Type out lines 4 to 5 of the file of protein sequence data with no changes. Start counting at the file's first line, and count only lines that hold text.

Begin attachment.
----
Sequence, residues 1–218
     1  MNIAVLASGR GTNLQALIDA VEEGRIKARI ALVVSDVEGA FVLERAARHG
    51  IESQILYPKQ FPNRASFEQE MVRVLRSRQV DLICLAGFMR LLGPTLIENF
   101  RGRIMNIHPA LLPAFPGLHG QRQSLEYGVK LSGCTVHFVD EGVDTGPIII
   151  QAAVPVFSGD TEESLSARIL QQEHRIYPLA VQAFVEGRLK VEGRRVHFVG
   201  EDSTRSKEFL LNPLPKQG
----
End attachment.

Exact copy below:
   101  RGRIMNIHPA LLPAFPGLHG QRQSLEYGVK LSGCTVHFVD EGVDTGPIII
   151  QAAVPVFSGD TEESLSARIL QQEHRIYPLA VQAFVEGRLK VEGRRVHFVG